To this point, the framework profiles different aspects of PRRP and its related risk in order to estimate the probability of occurrences and the impact if the risk actually happens. Syrian construction entities have been dealing with sustainability risks in an unstructured manner, operating in a developing country under post-war sanctions with little money to invest and a few experts in sustainable buildings. The interviewees indicated that although unstructured RM is considered an integral task for PRRP delivery, construction industry practitioners may experience challenges in its structured implementation especially with respect to sustainability risks identification and response selection to individual risks. As a solution, this study multi-criteria framework provides a structured process for sustainability risk assessment which can be explicit with the implicit risks being common hence making way for unpredictability and non-optimal decisions. These findings were evident in data from the semi-structured interviews.

This study’s framework reflects the interaction of sustainability assessment (economical, environmental, and social) and its associated risk impacts in Damascus PRRP. This is to establish MCDM context based on: (1) unique synthesis criterion approach through sustainability’s three pillars, (2) ranking synthesis approach through RM process as to provide the preference to decision-makers and (3) interactive local judgment approach proposes alternate steps with multi sustainability objective to get successive compromising decisions.

As can be seen in Fig. 15, the framework is constructed in three dimensions: sustainability assessment to building systems and components as one dimension (x-axis), risk management process as the other (y-axis), and MCDM as the third dimension (z-axis; presented in the 3D boxes at the bottom of the figure). Other attempts from previous similar research have proposed frameworks constructed in two dimensions only: sustainability assessment and MCDM (Si et al., 2016), MCDM and sustainability three pillars (Hosseini et al., 2016) or risk management and stakeholder management (Xia et al., 2018). Figure 15 illustrates the procedural SRM for PRRP decision screening process: (1) Preliminary review on environmental, economic, and social risks, (2) Assessment of the risk impact level on the economic, environmental and social sustainability, (3) Allocation of weight values, (4) Synthesizing the alternative ranks, (5) Response type and responsible party, (6) Decision and (7) Monitoring and risk register updates.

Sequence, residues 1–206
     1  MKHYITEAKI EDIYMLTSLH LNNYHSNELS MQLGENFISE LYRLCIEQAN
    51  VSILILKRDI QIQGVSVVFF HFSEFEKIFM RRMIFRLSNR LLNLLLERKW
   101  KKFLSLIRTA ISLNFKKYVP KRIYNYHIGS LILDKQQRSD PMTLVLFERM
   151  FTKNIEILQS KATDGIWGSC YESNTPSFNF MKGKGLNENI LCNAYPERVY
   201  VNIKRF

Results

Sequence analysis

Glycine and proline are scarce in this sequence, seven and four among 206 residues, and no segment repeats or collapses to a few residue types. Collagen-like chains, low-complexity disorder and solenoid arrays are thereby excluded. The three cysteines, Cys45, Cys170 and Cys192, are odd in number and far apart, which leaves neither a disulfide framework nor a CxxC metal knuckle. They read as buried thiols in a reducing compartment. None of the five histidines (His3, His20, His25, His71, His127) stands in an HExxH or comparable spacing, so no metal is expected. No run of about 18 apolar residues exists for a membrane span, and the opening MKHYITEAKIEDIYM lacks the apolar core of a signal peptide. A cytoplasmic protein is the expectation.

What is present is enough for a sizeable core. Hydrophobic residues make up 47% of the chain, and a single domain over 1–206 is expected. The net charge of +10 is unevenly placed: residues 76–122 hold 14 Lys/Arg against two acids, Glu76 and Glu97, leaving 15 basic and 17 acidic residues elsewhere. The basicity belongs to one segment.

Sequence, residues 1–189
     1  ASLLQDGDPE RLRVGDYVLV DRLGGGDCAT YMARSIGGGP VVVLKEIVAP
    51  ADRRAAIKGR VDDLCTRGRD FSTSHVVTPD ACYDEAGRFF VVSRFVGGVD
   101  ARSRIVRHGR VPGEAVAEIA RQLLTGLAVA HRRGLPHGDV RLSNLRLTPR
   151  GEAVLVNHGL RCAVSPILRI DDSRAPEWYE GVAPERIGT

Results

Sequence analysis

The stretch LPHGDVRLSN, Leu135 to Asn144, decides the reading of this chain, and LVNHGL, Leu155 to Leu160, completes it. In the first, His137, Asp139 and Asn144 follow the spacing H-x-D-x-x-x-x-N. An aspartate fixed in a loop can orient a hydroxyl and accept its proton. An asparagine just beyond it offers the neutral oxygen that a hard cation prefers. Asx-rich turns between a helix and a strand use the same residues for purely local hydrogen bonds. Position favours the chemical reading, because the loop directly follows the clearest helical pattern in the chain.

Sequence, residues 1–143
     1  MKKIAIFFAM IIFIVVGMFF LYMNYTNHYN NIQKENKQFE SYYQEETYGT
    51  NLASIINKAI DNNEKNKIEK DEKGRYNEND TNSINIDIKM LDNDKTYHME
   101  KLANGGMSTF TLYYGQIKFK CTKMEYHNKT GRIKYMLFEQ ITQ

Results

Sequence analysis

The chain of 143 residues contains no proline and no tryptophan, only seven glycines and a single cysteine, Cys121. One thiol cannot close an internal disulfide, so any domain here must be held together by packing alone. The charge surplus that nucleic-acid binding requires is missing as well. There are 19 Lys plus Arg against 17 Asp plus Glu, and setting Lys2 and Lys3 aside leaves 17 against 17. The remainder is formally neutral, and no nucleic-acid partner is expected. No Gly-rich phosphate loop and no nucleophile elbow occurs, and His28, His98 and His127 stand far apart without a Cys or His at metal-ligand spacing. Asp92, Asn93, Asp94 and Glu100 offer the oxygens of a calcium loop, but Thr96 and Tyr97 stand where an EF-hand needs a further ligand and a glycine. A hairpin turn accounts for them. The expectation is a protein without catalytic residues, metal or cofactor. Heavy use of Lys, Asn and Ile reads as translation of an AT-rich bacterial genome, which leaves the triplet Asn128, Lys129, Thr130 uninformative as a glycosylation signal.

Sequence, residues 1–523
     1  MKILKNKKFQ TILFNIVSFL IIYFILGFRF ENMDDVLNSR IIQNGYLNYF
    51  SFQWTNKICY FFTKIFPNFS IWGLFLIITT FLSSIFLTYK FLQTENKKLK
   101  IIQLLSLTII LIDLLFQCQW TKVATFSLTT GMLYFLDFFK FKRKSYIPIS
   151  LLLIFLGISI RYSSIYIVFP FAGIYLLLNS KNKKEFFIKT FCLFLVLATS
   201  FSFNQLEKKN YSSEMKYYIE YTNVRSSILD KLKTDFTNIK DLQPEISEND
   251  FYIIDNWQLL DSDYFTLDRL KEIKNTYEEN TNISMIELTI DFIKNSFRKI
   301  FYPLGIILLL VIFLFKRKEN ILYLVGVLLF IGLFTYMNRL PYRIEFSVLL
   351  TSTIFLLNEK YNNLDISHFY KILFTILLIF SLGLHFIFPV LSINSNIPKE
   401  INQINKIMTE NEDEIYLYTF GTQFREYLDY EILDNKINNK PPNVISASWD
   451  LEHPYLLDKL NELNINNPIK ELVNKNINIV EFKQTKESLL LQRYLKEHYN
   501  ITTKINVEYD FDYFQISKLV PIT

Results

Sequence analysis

Fig. 15
figure 15

Multi criteria SRM framework for Damascus PRRP

In this sense the framework four levels have the following roles: (1) Risk identification could start form the Pre-design phase to assist the owner, planner and others involved at the planning (pre-design) stage of the project. (2) Risk assessment offers a self-assessment check system that allows architects and engineers to raise PRRP sustainability under consideration during its design process. Assessments here is based on the design specification and the anticipated performance. It has two main roles: (1) To assist in grasping measurable indicators such as the basic environmental impact of the project and selecting a suitable site. (2) To evaluate the level of impact of the project at the Pre-design stage. (3) The response level is based on risk records for selecting the appropriate response type. (4) Monitoring is the tool for decision Making (by Client/Owner). Monitoring of the overall PRRP status (by contractor) and building risk register updates (by project team), Fig. 15.

According to the interviewees, some construction firms had simple procedures or used checklists to eliminate risks while others chose to transfer risk management to engineering consultants. The framework was seen applicable by the interviewees with a few suggestions e.g., supporting the framework with a simple manual that includes basic theoretical information and ready-to use guidance. Once the risk assessment is conducted, suitable risk responses can be implemented in the form of transfer, avoid, or mitigate.

These findings were evident in data from the semi-structured interviewees, the subject matter experts. To determine the extent of each interviwee had contributed to the identified dimentions, an assessment and response metrics was created with columns for dimention of importance (benefits, practices vs implemenation gap and recommendations) and rows in which sustainability assessment, risk management and decision-making categories were categorized, Table 6. The interviewees were provided with the study main findings. Then the experts were asked to respond to the statement categorised in Table 5. Five interviewees (with the percentage of 71.43%) included that there are other stakeholders’ managerial risks e.g. unclear contract conditions for dispute resolution. Whereas six interviewees (with the percentage of 85.71%) indicated the risk of complex planning approval and permit procedures of Damascus PRRP. One expert responded in a manner that required a subjective evaluation to transform the expert’s opinion into the requested categories. This is because this interviewee referred to the fluctuation in exchange rates affecting the import of green building materials and technologies. The main responses are presented in Table 6.